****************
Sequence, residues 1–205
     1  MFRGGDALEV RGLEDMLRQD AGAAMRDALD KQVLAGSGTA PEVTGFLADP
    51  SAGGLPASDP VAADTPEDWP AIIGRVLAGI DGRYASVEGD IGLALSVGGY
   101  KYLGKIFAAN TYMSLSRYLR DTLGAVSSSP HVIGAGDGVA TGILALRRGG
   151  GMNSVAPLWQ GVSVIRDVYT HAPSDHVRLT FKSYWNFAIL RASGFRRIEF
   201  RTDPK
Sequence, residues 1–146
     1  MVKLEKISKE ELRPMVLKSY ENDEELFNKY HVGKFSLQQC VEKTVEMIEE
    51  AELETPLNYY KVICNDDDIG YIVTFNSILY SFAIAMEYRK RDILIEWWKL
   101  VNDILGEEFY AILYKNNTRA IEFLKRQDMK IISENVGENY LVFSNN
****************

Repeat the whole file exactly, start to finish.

Sequence, residues 1–205
     1  MFRGGDALEV RGLEDMLRQD AGAAMRDALD KQVLAGSGTA PEVTGFLADP
    51  SAGGLPASDP VAADTPEDWP AIIGRVLAGI DGRYASVEGD IGLALSVGGY
   101  KYLGKIFAAN TYMSLSRYLR DTLGAVSSSP HVIGAGDGVA TGILALRRGG
   151  GMNSVAPLWQ GVSVIRDVYT HAPSDHVRLT FKSYWNFAIL RASGFRRIEF
   201  RTDPK
Sequence, residues 1–146
     1  MVKLEKISKE ELRPMVLKSY ENDEELFNKY HVGKFSLQQC VEKTVEMIEE
    51  AELETPLNYY KVICNDDDIG YIVTFNSILY SFAIAMEYRK RDILIEWWKL
   101  VNDILGEEFY AILYKNNTRA IEFLKRQDMK IISENVGENY LVFSNN